Panhala hill station

Panhala is a picturesque hill station about 3177 feet above sea level, situated 18 km northwest of Kolhapur in Kolhapur district in Maharashtra. It is strategically located looking over a pass in the Sahyadri mountain range which was a major trade route from Bijapur in the interior of Maharashtra to the coastal areas.

This charming hill station has both historical and religious significance. Panhala is mostly identified with the Maratha warrior king Shivaji, who captured it in AD 1659.

Panhala derived its name from a tribe called Panna, meaning serpent. Pahalla and Panalla literally meant “the home of serpents”.

Panhala is looked at as a pleasing hill station, for weekend getaway with prominent historical monuments, battlements or bastions.

The commanding Panhala fort is the major attraction that has survived as a mute witness to numerous seizing’s and rules. Shivaji’s contribution cannot absolutely be denied in this context, who along with his soldiers had valiantly defended and laid down their lives to defend the fort and destruction.

Panhala is not a typical Indian hill station but a small sized town at a strategic location which makes it a favorite place of various dynasties, especially the Marathas ruler Shivaji. Bounded within the four walls of a mighty fort, Panhala stands as a unique hill station.

Major Tourist Attractions

Panhala Fort :

One among the protected monuments, Panhala Fort, is considered as the largest of all the forts of Deccan. Situated in Kolhapur District of Maharashtra, this historically important site is constructed by King Raja Bhoj. Built in the late 12th century, Panhala Fort spread over a vast expansion beneath a steep slope. The impregnable fort with gigantic walls looks very inspiring and attractive. This majestic fort is accessible only through the double-walled gate and a sturdy hedge besieges the innermost fortress.

Like all other forts in Maharashtra, Panhala fort also carries malodorous reminiscences of the great Maratha regime. Perhaps this might be the only citadel where Chatrapati Shivaji had spent so many precious years of his great reign. A monument of rich heritage, Panhala fort stands out right there with its impressive, elegant look and attracts thousands of visitors for decades.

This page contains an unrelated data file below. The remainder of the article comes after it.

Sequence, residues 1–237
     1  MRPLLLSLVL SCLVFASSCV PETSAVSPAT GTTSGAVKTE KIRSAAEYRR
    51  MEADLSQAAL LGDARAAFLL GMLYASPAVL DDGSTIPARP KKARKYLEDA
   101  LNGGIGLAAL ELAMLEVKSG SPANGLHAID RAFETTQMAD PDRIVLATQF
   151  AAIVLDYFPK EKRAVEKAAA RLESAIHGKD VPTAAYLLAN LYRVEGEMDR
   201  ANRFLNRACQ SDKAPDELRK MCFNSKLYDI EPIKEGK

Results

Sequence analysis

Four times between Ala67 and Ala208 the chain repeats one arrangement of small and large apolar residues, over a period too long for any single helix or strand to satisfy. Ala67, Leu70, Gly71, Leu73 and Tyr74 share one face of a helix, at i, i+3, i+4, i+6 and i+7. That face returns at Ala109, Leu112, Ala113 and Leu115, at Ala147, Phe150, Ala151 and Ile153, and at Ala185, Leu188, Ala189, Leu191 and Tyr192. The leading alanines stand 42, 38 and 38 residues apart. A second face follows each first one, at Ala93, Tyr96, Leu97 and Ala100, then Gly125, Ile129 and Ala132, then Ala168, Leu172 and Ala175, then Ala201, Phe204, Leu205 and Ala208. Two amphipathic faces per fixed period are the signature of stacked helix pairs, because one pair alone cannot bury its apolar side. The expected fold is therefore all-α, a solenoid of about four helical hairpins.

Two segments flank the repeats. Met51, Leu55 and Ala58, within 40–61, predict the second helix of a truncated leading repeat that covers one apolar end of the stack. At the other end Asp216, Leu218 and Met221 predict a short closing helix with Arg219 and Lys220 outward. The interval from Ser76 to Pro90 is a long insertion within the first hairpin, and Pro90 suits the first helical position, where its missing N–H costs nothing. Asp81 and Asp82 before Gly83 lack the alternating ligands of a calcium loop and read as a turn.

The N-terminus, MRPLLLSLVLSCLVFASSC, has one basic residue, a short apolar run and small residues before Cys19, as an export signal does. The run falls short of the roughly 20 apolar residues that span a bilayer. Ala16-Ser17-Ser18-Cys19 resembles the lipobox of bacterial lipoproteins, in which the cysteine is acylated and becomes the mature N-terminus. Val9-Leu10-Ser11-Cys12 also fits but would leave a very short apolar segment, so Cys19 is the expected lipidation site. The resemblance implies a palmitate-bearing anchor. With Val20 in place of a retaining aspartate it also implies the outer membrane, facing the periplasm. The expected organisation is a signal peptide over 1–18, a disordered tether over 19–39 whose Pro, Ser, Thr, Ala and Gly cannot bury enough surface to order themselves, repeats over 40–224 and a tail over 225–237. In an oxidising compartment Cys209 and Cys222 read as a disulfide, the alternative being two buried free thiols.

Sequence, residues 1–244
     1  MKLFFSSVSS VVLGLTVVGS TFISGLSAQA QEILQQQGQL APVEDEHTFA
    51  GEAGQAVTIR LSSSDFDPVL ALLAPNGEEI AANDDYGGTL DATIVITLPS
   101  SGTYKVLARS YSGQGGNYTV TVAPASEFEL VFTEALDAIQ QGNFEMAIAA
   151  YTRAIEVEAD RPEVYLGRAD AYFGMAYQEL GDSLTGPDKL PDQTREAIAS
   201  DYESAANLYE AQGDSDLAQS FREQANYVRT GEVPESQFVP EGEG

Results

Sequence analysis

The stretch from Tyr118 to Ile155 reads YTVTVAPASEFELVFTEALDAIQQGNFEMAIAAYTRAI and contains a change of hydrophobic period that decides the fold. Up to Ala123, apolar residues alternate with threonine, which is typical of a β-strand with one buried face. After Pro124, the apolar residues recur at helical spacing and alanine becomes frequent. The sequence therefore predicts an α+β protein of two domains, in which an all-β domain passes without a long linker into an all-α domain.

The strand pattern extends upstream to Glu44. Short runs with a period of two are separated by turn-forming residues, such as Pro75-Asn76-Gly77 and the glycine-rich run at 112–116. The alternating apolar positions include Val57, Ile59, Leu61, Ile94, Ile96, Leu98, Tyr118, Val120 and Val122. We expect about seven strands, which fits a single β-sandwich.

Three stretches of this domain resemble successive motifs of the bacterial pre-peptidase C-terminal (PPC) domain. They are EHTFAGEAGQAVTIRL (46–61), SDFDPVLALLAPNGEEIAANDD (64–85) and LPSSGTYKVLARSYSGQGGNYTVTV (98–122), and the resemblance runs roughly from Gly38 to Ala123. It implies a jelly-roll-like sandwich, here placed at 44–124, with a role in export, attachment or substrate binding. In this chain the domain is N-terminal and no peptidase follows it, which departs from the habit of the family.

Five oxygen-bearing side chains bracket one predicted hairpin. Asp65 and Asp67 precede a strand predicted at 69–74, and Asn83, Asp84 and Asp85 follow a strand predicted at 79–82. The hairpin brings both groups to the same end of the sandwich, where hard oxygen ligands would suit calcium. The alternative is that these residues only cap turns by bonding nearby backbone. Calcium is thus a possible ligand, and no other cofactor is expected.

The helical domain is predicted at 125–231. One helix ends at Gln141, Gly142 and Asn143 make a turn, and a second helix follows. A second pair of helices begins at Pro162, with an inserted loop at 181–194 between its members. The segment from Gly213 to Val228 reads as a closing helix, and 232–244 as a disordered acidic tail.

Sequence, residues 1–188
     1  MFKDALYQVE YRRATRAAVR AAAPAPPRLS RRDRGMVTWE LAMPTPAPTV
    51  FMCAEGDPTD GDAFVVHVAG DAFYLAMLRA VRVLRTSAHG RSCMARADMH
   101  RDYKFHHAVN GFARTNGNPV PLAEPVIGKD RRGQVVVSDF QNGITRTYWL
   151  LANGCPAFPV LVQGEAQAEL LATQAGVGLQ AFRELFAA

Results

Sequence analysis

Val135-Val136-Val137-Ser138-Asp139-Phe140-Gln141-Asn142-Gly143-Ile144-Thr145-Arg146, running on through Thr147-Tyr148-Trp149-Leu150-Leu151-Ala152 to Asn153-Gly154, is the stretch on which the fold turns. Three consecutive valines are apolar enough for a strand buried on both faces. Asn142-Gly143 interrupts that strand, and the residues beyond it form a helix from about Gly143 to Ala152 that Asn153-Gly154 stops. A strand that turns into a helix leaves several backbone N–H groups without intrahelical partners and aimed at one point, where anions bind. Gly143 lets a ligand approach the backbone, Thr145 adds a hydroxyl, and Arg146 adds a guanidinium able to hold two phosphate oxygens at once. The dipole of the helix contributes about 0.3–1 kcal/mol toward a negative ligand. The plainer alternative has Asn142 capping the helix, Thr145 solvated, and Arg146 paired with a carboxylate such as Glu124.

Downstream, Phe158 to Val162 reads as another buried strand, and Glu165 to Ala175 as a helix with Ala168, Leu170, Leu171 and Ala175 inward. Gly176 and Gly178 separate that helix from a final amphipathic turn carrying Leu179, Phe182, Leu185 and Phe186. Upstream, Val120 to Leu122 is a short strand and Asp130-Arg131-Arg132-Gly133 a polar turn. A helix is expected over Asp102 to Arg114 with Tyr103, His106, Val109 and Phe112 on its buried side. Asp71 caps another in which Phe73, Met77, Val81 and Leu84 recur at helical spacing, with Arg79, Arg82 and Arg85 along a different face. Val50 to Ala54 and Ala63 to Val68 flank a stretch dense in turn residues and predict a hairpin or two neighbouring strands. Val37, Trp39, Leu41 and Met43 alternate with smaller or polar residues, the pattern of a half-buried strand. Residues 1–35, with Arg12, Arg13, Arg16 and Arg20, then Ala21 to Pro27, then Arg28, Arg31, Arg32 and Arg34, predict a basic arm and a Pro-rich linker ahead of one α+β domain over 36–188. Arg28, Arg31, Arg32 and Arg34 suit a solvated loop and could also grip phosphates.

Sajja Kothi :

is a major attraction at Panhala is the that was built by the Mohammedans in 1008 AD. There is a very interesting anecdote attached to this monument. It is said that when Siddi Johar, a formidable Bijapur General, attacked Panhala, Shivaji tricked the general by escaping from the window of Sajja Kothi while a brave stalwart Shiva Kashid disguised as Shivaji combated the wrath of the general.
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Ambarkhana :

Built by the Marathas, Ambarkhana housed the administrative section, the palace, the mint, and the granaries. Titled Ganga, Jamuna, and Saraswati, the granaries could store as much as 25,000 khandis of grain. Since the soil of the region was not suitable for agriculture, it was very important for the rulers to stock sufficient provisions for their armies.

Botanical Gardens : The Empress Botanical Gardens in Panhala and its large lawns, tall trees, cool shades and the quite calm ambiance makes this botanical garden a hot spot of the picnickers. The rambling gardens are well maintained by the forest department. The arched gateway of the old fort serves as the entrance to the green lawns of these gardens. A scaled model of the old fort, exhibited near the entrance, is interesting to watch.